| Michael Sharland (1971)
published one of the few accounts of an actual "tiger" hunt (based on the
childhood recollections of Mr. W. J. Cotton) in his book "A Pocketful
"Taking two sheep
dogs we rode out, and as we neared the tiger's lair the dogs' hackles rose
and they snarled and whined as if in fear. Father lifted me up into
a tree, and a moment later the tiger broke cover, loping away ahead of
the dogs. The first shot brought him down, but he got to his feet
immediately and faced his snarling tormentors. I remember the tiger
was making a coughing, snuffling noise, and appeared to be all gaping mouth
and huge teeth as it snapped at the dogs. My father could not get
another shot for fear of hitting the dogs, which were rushing round and
round the tiger. His fused backbone made him turn very slow in comparison
to the dogs, and eventually one of them grabbed him by the throat.
The tiger reared up in the air, and then they crashed, rolling over and
over along the ground. When they came to a stop, the first dog had
been shaken off, and as the tiger rose to his feet, this dog grabbed him
on the other side of the throat. The two dogs hung on as the tiger
kept rearing in an effort to shake them off. Eventually, he made
a last desperate effort, and as he came down on his back with the dogs
still hanging at his throat the tiger let out the most unearthly scream
I have ever heard. Father walked up and pointed the gun at the tiger's
head, but he was quite dead. The pelt was taken home and pegged out,
and was measured at just over 7 foot from nose to tip of tail. My
father said that during the night the dogs barked and howled continuously,
and he went out four or five times to quieten them. However, when
he went out next morning one of them had broken away from his chain and
ripped the tiger skin to pieces".
The two principal bounty schemes i.e., that of the Van Diemen's Land Company
introduced in 1830, and that of the Tasmanian Government introduced in
1888, were both decisive in reducing thylacine numbers.
The government bounty
was discontinued for all thylacines destroyed from the 1st July 1908, although
payments continued to be made into 1909. Termination of the government
bounty scheme was advertised in the local press, as noted in the clipping
shown at left from the Mercury of the 17th September 1908 (p. 1).
| The persecution of
the tiger continued unabated into the early part of the 20th century as
can be seen from a story entitled "A Hungry Tiger" published in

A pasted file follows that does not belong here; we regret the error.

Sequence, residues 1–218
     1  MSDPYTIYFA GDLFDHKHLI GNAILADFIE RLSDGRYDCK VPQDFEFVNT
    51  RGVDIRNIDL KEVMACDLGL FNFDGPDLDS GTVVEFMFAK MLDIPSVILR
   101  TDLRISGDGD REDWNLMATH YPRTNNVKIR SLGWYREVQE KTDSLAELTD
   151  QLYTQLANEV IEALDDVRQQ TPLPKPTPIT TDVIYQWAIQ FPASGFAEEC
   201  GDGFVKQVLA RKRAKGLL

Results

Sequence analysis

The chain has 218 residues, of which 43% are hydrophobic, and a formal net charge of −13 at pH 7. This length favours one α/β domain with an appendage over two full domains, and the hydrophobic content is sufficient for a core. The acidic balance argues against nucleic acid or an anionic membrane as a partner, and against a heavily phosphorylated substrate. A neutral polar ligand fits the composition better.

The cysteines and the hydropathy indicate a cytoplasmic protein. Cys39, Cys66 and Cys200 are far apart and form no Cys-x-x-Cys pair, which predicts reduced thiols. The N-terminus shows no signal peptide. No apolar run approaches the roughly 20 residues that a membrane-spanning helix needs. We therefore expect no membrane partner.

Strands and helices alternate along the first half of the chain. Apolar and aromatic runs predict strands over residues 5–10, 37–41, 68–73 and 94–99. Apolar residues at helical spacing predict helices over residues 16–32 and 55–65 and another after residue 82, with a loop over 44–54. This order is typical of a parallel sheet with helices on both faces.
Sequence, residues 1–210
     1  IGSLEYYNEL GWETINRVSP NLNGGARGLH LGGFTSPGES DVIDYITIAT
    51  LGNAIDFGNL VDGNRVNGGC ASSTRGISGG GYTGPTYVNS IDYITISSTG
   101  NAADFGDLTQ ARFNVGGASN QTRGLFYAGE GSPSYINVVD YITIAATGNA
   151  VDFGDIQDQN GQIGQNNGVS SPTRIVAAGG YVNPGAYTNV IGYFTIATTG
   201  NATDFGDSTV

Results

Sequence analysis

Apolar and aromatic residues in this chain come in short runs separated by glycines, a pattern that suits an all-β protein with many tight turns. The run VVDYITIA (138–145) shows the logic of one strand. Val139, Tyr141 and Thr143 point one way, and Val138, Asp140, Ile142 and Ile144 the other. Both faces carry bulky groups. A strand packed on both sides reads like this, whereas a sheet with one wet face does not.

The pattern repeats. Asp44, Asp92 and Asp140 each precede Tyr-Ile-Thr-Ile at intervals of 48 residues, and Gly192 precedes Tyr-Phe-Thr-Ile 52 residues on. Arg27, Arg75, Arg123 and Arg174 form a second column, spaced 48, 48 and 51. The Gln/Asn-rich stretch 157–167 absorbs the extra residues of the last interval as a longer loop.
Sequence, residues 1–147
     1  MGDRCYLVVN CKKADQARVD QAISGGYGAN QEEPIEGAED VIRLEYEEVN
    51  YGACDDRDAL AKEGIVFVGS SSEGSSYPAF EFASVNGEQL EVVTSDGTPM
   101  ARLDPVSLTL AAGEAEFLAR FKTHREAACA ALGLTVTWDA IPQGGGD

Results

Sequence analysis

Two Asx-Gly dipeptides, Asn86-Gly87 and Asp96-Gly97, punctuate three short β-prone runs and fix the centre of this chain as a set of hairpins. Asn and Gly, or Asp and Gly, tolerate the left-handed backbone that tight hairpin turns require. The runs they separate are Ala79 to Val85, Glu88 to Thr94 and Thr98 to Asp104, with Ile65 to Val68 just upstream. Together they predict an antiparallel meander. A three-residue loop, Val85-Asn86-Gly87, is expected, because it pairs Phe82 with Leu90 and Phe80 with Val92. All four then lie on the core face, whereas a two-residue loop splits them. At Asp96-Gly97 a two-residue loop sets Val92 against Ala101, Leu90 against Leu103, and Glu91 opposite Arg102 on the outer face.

the Examiner newspaper of the 4th May 1909 (p. 5):
"The district of
Montagu, which has been settled and civilised for a great many years, had
a visit from one of its primitive barbarians - a native tiger. That
animal had left traces of its presence in a few slaughtered and half eaten
sheep. Having killed one on Mr. Smith's farm on the night of April
29, he returned on the next day to the carcase. Mr. Smith's dogs,
however, disturbed him, and he took refuge in the orchard, where the dogs
kept him at bay. Some ladies were passing by on their way to the
polling booth, and, seeing the tiger, one of them ran home and told her
husband, who brought his gun and shot the animal. This capture was
a source of much satisfaction to Mr. Smith, and also to a neighbouring
farmer who had threatened to wait by the car ease all night for the purpose
of capturing the animal".
The Port Pirie Recorder
and North Western Mail (a South Australian newspaper) of the 17th November
1909 (p. 5) states:
"And when you see
a party of mounted men, chasing at speed along the plains, or driving,
with zest and glee, into the recesses of the forests, headed by packs of
howling dogs, you know that they are settlers, intent on ridding the countryside
of this pest, the thylacine".
A total of 2,207 bounties were paid at a total cost of £2,132 and
ten shillings. The bounty legislation was repealed by the Tasmanian
Government on the 26th April 1909. The Van Diemen's Land Company
bounty was terminated some five years later in 1914. Even after the
cessation of the various bounty schemes, the thylacine continued to be